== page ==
How to maintain muscle mass with plant based protein
Veganism is on the rise, and according to the Vegan Society, over 600,000 Brits are now following a plant based diet. With popularity of plans such as the paleo diet and keto diet increasing, veganism is still leading the way, but can you still smash your workouts as a vegan? Whether you’ve ditched the meat for ethical reasons or are simply cutting back to support weight loss, read on to find out about how to eat vegan and the best vegan protein options to help you maintain muscle mass.
How to eat vegan and still get enough protein
Now, you’ve probably heard the hype around protein. If not, where have you been? Believe it or not, protein isn’t just for die hard gym-goers. It’s an essential nutrient that should be consumed by us all, regardless of how we choose to get our fix. Not only does it support muscle recovery and growth but it’s essential for the body’s optimal development.
So, if you cut key sources of protein from your diet, such as meat, fish and eggs, how can you make sure you’re still supporting your body’s recovery?
“When you don’t eat meat or animal-based foods, acquiring protein may be difficult,” said Team Grenade® ambassador Vinny Russo. “Vegans should utilise supplements and up their intake of plant based protein sources to meet their daily dietary requirements.”
Micronutrients such as iron, calcium, zinc and vitamin B12 are all found in meat, fish and other animal-derived products. Don't worry though, vegans needn’t miss out. These essential nutrients can also be consumed in tablet or powder form, making them accessible to all. If you’re thinking about making the change, be sure to include vegan protein supplements in your diet.
What are the best vegan protein sources?
So, what are the best vegan protein options on the market? Believe it or not, popping a pill isn’t your only choice. While you may need to consume higher volumes of these in comparison to meat or fish, food such as lentils, beans, seeds and tofu are great sources of protein and will contribute to your recommended daily intake.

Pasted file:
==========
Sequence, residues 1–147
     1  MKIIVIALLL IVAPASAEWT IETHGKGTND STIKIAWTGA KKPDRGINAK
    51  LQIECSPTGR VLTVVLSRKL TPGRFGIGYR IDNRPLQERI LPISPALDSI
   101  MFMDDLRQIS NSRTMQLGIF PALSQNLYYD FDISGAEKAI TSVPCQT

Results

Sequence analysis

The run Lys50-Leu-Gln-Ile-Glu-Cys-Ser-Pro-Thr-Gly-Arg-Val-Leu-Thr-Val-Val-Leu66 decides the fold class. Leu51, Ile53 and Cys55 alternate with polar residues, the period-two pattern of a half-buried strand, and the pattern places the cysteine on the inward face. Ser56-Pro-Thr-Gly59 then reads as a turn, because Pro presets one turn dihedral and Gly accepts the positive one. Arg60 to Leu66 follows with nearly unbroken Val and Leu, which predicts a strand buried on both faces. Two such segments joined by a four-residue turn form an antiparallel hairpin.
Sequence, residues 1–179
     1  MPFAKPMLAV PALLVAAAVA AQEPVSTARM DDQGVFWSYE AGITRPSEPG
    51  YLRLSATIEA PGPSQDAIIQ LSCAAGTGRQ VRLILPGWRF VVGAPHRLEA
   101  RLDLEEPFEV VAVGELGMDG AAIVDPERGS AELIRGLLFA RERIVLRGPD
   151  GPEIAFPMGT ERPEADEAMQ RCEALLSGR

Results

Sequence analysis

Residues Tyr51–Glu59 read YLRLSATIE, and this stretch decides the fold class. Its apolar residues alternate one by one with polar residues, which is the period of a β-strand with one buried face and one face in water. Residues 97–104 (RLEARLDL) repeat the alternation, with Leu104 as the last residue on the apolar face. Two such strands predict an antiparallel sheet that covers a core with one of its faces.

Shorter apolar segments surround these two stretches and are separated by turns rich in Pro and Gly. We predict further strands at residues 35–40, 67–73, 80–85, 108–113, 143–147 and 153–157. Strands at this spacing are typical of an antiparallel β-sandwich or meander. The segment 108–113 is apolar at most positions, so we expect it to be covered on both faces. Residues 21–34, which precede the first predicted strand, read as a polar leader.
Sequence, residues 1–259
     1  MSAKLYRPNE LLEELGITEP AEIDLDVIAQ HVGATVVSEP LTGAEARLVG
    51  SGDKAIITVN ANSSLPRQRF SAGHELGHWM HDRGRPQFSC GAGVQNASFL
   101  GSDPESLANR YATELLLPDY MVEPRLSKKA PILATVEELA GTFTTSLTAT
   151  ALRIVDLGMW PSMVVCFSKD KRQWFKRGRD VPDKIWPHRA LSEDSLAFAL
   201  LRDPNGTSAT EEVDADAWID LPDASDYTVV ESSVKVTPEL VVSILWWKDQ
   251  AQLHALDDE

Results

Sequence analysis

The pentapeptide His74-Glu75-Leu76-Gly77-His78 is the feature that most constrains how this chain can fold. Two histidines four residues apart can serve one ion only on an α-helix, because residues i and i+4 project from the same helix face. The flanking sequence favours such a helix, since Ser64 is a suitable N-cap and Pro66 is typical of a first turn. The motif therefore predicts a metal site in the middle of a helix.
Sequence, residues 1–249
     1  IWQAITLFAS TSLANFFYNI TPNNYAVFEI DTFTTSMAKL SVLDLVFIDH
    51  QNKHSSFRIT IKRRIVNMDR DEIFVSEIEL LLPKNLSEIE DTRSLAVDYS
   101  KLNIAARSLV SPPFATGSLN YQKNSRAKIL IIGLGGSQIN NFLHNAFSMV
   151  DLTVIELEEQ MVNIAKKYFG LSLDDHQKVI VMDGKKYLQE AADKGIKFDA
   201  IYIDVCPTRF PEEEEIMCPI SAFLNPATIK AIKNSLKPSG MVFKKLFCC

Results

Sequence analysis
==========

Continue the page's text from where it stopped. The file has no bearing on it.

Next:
But what about vegan protein supplements? Protein powder is a popular choice with fitness enthusiasts and has become a true staple. I mean, have you even trained if you don’t finish off your session with a shake?
As a vegan, you may find that some protein powders are off limits, with many containing dairy. However, you have options! Soy, pea and hemp powders are all great vegan protein supplements and come in a range of flavours, meaning you don’t need to miss out on a protein hit just because you’re plant based.
“Soy is usually the go-to vegan protein as it’s low in fat,” said Vinny, “Pea protein, however, has a very high amino acid profile and hemp is a great source of fibre, essential fatty acids and iron.”
Don't forget about carbs and fats
Protein isn’t the only macronutrient vegans may be neglecting. Often, carbs and fats derive from animal products so it’s important to identify how to eat vegan whilst still supporting your dietary requirements for all of your macros. Flaxseeds and walnuts are also great sources of essential fatty acids. While they can be consumed alone, they’re perfect to add to foods such as oats and smoothies.
Vinny also recommends filling up on chickpeas and legumes: “They’re both good sources of carbohydrates and are packed with protein, whilst also being low in fat, so they won’t throw your calories out of whack if you’re trying to lose weight.
“Quinoa is also a great alternative to brown rice if you want to mix things up. It packs more protein too, due to its amino acid profile.”
Get creative with your cooking
Although many plant based vegan foods are packed full of flavour, staples such as tofu and tempeh are known for being a little bland. Make sure you stock up your spice rack to ensure you’re able to add flavour to your food.
“Get creative with how you cook,” said Vinny. “Seasoning is really important.”
Figuring out how to eat vegan can be a challenge, but with the demand for meat-free food rising by a huge 987% in 2017, there are so many more options on the market for those cutting out animal-derived foods. It’s also a great way to be more inventive with your cooking and the perfect excuse to try new ingredients.
With foods such as beans, veggies and tofu offering high levels of protein and some great vegan protein supplements on offer, there’s no reason that a vegan diet should hold you back.
“As discussed, there are plenty of ways for vegans to build muscle despite the fact they aren’t consuming animal products.” said Vinny, “Whether you become vegan out of necessity, a moral choice or because you believe that’s the best route for your body, that’s perfectly fine and should be your choice.”
For more nutrition and training advice, take a look at our blog, packed full of delicious recipes and expert information.